surprised if intestinal grumblings and groanings keep you awake.
• Spicy or sugary food, even at suppertime, is usually a bad idea. Spices can
irritate your stomach, and when it tosses and turns, so will you. Having a lot of
sugary food—especially chocolate, which contains caffeine—can make you feel

Call on Herbs for Help

• Valerian helps people fall asleep faster without the “hangover” affect of some
sleeping pills. It binds to the same receptors in the brain that tranquilizers such as
Valium bind to. The herb itself stinks (think sweaty old socks), so we don’t
recommend trying to make a tea. Instead, take one-half to one teaspoon of
valerian tincture or two capsules of valerian root an hour before bed.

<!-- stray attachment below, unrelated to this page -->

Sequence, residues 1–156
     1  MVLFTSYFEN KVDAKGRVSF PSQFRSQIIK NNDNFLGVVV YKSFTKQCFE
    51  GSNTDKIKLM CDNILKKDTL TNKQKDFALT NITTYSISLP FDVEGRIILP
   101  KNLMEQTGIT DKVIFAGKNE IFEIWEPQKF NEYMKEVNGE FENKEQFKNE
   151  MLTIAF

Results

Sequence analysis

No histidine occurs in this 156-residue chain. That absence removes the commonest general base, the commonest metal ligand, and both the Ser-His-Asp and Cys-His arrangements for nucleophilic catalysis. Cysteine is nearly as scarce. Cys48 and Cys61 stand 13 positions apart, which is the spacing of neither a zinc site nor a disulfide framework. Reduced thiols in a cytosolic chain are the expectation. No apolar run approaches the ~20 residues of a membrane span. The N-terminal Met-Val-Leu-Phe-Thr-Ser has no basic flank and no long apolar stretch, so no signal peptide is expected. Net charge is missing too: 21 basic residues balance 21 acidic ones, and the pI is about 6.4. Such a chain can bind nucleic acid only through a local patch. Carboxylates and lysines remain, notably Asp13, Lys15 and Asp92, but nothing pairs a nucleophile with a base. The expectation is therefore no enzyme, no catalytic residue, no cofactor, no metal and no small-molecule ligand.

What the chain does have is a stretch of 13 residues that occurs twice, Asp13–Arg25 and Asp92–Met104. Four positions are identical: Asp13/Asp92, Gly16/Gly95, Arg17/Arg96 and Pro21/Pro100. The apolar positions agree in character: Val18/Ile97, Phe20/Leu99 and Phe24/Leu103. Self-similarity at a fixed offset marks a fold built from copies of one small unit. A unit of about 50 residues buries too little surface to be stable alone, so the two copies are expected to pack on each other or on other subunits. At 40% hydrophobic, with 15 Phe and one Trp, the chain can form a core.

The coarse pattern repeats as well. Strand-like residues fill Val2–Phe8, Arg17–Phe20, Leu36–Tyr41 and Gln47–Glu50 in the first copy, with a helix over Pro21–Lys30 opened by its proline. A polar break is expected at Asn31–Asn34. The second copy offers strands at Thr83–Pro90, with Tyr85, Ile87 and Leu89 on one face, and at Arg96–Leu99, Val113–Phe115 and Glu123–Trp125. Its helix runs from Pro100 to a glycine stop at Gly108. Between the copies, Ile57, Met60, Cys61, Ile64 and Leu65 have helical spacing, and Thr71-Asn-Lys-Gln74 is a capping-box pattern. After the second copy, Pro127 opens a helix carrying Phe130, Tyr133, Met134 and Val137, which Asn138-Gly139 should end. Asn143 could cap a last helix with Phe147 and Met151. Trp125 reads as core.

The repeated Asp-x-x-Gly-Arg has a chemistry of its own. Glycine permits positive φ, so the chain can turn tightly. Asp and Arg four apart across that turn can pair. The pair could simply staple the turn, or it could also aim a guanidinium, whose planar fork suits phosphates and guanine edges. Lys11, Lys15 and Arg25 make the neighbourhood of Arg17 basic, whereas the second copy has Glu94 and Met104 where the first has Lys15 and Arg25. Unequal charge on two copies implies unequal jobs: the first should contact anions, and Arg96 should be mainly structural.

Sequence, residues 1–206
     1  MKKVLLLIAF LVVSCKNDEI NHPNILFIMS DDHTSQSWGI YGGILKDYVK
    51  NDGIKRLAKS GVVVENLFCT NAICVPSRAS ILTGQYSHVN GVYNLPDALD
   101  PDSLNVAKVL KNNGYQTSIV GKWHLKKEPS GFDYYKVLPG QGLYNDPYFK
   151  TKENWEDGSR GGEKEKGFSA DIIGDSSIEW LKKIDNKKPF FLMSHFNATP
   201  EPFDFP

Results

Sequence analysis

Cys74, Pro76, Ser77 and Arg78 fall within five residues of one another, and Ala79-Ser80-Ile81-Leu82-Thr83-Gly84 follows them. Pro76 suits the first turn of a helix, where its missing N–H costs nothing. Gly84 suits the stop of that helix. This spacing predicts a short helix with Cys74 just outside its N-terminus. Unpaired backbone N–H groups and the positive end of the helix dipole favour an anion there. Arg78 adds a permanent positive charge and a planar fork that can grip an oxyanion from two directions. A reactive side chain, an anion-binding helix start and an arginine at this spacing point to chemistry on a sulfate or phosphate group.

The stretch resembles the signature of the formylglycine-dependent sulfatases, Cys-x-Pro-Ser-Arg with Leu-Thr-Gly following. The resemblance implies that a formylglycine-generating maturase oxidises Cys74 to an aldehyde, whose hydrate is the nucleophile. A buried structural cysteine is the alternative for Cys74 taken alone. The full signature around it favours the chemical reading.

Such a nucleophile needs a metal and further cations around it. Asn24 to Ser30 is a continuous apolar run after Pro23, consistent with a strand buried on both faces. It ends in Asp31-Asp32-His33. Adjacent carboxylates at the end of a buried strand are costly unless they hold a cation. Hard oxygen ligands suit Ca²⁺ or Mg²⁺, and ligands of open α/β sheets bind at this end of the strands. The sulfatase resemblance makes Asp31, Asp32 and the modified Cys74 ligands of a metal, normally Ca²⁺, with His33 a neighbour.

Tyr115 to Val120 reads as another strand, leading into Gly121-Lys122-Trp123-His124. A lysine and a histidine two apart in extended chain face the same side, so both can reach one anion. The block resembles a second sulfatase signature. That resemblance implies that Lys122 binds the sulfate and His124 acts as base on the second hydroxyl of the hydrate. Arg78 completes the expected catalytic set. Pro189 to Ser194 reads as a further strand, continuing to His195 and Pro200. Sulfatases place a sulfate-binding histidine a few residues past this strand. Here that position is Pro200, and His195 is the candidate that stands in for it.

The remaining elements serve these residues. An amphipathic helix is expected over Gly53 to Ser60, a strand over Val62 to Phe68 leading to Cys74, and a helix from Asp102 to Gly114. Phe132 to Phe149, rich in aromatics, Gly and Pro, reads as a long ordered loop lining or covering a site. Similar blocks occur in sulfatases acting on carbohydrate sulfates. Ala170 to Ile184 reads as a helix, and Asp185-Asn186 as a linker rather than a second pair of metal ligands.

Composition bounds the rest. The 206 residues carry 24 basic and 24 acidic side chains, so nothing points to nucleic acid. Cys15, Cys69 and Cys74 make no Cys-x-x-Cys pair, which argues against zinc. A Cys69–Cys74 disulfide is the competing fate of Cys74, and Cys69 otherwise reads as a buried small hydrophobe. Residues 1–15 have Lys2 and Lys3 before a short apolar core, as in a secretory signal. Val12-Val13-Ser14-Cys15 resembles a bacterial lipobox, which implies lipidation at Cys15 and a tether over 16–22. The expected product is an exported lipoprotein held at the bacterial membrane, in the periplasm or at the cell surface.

• Take 4,000 to 8,000 milligrams of dried passionflower capsules.
Passionflower is widely used as a mild herbal sedative.
• Or you can combine forces, taking a supplement that includes both
passionflower and valerian. “Natural” sleep remedies often include other herbal
ingredients as well, such as hops and skullcap. Whatever the formulation, follow
the package directions.

Should I call the doctor?

If you’ve tried the following self-care strategies and still can’t get a good night’s
sleep, talk to your doctor. And waste no time getting to your doctor if sleep
deprivation is harming your work performance or endangering your life—as in,
causing you to fall asleep at the wheel. You may need to be evaluated overnight
at a sleep clinic.

Smell Your Way to Sleep

• Lavender has a reputation as a mild tranquilizer. Simply dab a bit of the oil
onto your temples and forehead before you hit the pillow. The aroma should
help send you off to sleep. You can also add lavender oil to a diffuser or vaporizer
to scent your bedroom. Or place a lavender sachet near your pillow.
• Put a drop of jasmine essential oil on each wrist just before you go to bed. In